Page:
the same music, and had the same buttons and switches, so does the iPad Mini.
This smaller edition of the iPad also runs iOS 6, plays all the same media files
and apps, and has the same arrangement of buttons, ports, and switches as the
fourth-generation regular iPad.
In fact, the iPad and iPad Mini are so similar, this book often refers to everything
in Apple’s tablet line as “iPad.”
But while the two types of iPads work exactly the same, they do have some
internal differences (aside from the screen size, which, for those keeping score
at home, happens to be 9.7 inches for the iPad versus 7.9 inches for the Mini).

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Inside its aluminum-and-glass casing, the iPad Mini actually has more in common with the iPad 2 than it does with the fourth-generation iPad.
For example, the smaller screen doesn’t use Apple’s high-resolution Retina
display—the Mini’s screen has the same number of pixels as the original iPad and
the iPad 2’s screen. But even though the screen’s smaller, you get more pixels
per inch on the mighty Mini: its 7.9-inch display stuffs its 1,024 × 768 screen
resolution with 163 pixels per inch resolution, compared to the iPad 2’s 132 pixels
per inch.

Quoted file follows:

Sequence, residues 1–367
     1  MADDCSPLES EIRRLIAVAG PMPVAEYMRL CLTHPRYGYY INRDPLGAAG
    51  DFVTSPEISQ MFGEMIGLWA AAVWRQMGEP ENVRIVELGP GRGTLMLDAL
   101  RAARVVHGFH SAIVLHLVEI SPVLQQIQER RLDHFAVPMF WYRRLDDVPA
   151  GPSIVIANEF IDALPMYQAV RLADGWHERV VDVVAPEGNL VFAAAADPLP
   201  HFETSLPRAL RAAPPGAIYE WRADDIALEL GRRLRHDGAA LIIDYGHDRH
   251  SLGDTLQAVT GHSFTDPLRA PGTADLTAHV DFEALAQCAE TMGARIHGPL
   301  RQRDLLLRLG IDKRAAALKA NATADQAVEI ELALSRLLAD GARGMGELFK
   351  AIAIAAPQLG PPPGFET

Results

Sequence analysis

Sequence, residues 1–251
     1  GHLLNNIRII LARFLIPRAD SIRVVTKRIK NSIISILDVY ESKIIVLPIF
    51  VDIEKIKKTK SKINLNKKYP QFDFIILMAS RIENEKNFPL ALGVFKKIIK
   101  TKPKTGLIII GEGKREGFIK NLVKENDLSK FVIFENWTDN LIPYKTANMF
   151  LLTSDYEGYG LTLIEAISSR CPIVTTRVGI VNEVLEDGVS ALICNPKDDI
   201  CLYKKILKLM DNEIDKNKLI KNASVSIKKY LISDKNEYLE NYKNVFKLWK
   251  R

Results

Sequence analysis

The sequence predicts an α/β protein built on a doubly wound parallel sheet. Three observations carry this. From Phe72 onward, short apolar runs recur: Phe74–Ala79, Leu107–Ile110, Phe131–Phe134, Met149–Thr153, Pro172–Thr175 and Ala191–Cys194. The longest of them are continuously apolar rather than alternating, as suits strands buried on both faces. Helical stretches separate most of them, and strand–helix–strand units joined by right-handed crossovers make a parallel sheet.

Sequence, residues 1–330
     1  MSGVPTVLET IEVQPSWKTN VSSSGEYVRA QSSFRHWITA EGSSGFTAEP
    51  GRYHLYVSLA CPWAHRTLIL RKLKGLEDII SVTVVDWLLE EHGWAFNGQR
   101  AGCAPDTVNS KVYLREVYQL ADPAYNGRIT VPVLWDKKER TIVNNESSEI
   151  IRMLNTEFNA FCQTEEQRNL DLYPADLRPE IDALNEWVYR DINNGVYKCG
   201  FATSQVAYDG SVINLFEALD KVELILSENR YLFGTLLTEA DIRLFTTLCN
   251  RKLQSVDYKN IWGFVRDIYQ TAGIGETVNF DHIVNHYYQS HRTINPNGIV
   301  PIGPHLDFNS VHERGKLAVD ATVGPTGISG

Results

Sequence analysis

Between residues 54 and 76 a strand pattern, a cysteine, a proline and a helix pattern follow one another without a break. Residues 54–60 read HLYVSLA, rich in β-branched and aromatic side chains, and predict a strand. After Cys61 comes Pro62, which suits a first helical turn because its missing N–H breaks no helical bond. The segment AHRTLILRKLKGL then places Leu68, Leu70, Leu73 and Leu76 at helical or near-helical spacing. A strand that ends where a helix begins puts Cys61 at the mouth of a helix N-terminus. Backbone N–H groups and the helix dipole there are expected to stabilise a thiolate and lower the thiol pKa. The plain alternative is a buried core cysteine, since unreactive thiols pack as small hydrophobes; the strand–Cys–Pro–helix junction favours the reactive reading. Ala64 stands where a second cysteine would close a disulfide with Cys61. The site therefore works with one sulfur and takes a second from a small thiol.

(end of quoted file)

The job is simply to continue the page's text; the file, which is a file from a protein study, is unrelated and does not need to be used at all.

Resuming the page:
Both the Mini and the iPad 2 use Apple’s older dual-core A5 processor. It’s a
chip with zip, but not the turbo engine that powers the fourth-gen iPad, which
screams along on a dual-core A6X processor with quad-core graphics for
superbly rendered games, photos, and videos on its Retina display.
But like the latest iPad, the Mini uses the smaller 8-pin Lightning connector port,
has the same FaceTime HD front camera and 5-megapixel rear camera for highdefinition video (Chapter 15), and can use the Siri personal assistant software
(page 40). Both these newer iPads come in 16 gigabytes (GB), 32 GB, and 64 GB
capacities for storing your videos, photos, apps, games, and other stuff. You can
also choose between a white or black model.
Like the big iPads, the Mini comes in a Wi-Fi model for use with wireless networks—and the more expensive Wi-Fi + Cellular models that let you jump online
through the same 4G LTE data networks that smartphones use. Chapter 4
explains all the ways to get online with your iPad, no matter its size.
Make no mistake—the smaller size and lighter weight of this petite ’Pad (less
than seven-tenths of a pound) is huge for many people. The iPad Mini is even
more portable than the regular
iPad, and with its lower price,
a more attractive option for
schools and people who need to
stay online but want something
bigger than a smartphone screen
for email and the Web.
The iPad Mini fits in the palms
of (most) adult hands. It runs
the same operating system as
its older sibling, it runs the same
apps, and it accepts the same
Lightning adapters and accessories. Perhaps Apple itself said it
best: “The iPad Mini is every inch
an iPad.”


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5


Turn the iPad On and Off
Think of Apple’s iMac, iPhone, and iPod Touch. In addition to starting with

“i,” all these products are sleek gadgets with a minimum of buttons to disrupt
their smooth skin. The iPad and the iPad Mini are no exception.
Run your finger along the tablet’s top edge and you’ll find a small black button